Crashing, smashing and destroying your hearing in your local multiplex at a rate of knots is Rampage the latest in Hollywood’s undeterred attempts to fashion something worthwhile out of gaming nostalgia and culture. The ever likeable, charismatic and cut out and keep template for action heroes Dwayne Johnson is Davis Okoye a primatology expert and ex-military task force operative (what are the chances eh?) who befriended and adopted George, an albino gorilla. The two have a strong bond and understanding that often leads to sign language gags and CGI gorilla chuckles.
Unbeknownst to the pair high above them in space (why not) a multi-million-dollar corporation is conducting experiments on animals using a mysterious pathogen that increases a subjects’ growth and aggression exponentially. When the inevitable destructive incident incident occurs, canisters of the pathogen fall to earth and George becomes infected but would you it believe he’s not the only animal to be affected.
Rampage is based on the arcade game in which giant animals are charged with destroying buildings and wrecking cities. That is pretty much the entire purpose of the game, bash the buttons and destruction will occur, so to stretch this premise into a fully-fledged film may seem unnecessary and if you were cynical a cash grab. To be honest that wouldn’t be an unfair assessment!
Before heading into Rampage I wanted to have fun, I wanted big spectacle and I wanted dumb action. It was certainly big and bombastic, there was fun to be had in places but ultimately it is one of the dumbest films I have watched in recent times. All logic and reason has been thrown out the window, the script is clichéd, predictable and at times just terrible.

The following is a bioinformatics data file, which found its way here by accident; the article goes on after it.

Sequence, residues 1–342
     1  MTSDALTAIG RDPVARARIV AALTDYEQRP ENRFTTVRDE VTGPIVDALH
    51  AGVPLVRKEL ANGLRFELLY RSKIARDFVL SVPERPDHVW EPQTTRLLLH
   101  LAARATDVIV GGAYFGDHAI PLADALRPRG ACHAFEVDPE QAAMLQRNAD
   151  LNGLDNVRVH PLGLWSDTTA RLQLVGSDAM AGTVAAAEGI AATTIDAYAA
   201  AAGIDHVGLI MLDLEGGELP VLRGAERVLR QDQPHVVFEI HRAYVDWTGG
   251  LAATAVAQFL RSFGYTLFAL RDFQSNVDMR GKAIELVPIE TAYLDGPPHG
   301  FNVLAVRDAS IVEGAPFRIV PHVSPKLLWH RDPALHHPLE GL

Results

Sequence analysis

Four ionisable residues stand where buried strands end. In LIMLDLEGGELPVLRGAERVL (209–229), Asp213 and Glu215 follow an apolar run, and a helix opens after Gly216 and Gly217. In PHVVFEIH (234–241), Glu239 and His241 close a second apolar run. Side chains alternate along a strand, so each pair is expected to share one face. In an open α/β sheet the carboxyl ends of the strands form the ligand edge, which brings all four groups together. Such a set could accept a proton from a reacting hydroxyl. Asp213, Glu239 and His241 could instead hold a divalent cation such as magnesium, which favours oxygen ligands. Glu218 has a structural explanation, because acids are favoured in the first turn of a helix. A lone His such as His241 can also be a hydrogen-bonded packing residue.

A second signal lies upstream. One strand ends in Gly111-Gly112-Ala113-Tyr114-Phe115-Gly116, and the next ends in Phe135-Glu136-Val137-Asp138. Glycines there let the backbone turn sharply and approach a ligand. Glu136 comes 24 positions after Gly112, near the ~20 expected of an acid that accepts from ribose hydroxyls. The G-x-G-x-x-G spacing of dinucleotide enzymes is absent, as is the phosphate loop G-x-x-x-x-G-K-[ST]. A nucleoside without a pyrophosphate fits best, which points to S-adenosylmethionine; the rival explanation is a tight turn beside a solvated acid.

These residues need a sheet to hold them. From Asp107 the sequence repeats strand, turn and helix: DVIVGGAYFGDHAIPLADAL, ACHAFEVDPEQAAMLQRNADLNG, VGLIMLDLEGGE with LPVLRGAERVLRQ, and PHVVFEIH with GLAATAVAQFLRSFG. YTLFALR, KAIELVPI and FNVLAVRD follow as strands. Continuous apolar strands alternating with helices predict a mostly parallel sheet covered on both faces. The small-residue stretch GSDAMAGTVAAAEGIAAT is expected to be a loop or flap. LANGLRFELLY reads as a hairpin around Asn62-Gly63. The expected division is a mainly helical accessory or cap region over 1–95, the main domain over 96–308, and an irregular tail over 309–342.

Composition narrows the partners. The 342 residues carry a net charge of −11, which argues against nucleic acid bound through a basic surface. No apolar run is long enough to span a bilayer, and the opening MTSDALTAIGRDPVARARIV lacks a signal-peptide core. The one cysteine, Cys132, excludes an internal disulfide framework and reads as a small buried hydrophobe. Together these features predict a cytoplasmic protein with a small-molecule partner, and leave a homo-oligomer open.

Dwayne Johnson does his best to steady the ship, he is likeable, very watchable and has a charm that seeps out of the screen but this is simply not enough to balance out the nonsense that the film contains. The sinister corporation heads are no more than pantomime villains doing inexplicable things for inexplicable reasons like calling three enraged beasts into a huge city via a recently installed transmitter (how lucky is that) in order to have them destroyed and get some of their DNA for future experimentation. These suits are prepared to risk the destruction of an entire city and countless loss of life to further their cause and risk the destruction of their own building in the process. It really is that daft of an idea.
Complete madness and the hope that no audience member notices seems to have been the Rampage mantra and it would be a lie if I didn’t declare that there were points I found myself swept away in the chaos at times. However, the CGI is poor in important moments with a constant flux in the size and scale of our destructive beasties, the destruction immeasurable and none of the watching military forces seem aware that bullets will not get the job done no matter how big the gun! These things matter as daft as that may sound but with greater care given to these problems a better film could have been made.
I fully appreciate that some films are just meant to be fun, an opportunity to switch off from the stresses of life and lose yourself in a world of big, dumb nonsense and popcorn. As a fan of the Fast and the Furious franchise I know this to be true, but even those pieces of bombastic cinema nonsense make sense (most of the time).
Rampage is a film based on a game that requires the player to wreck and ruin without care or afterthought. The film does not care or give afterthought to the mayhem it creates, so perhaps it could be argued then that they’ve remained truer to the test than I’ve given them credit for after all! Buy a bucket of popcorn and your bodyweight in fizzy drinks, leave your brain at the door and embrace the chaos you may have a decent time, sadly I just couldn’t play along.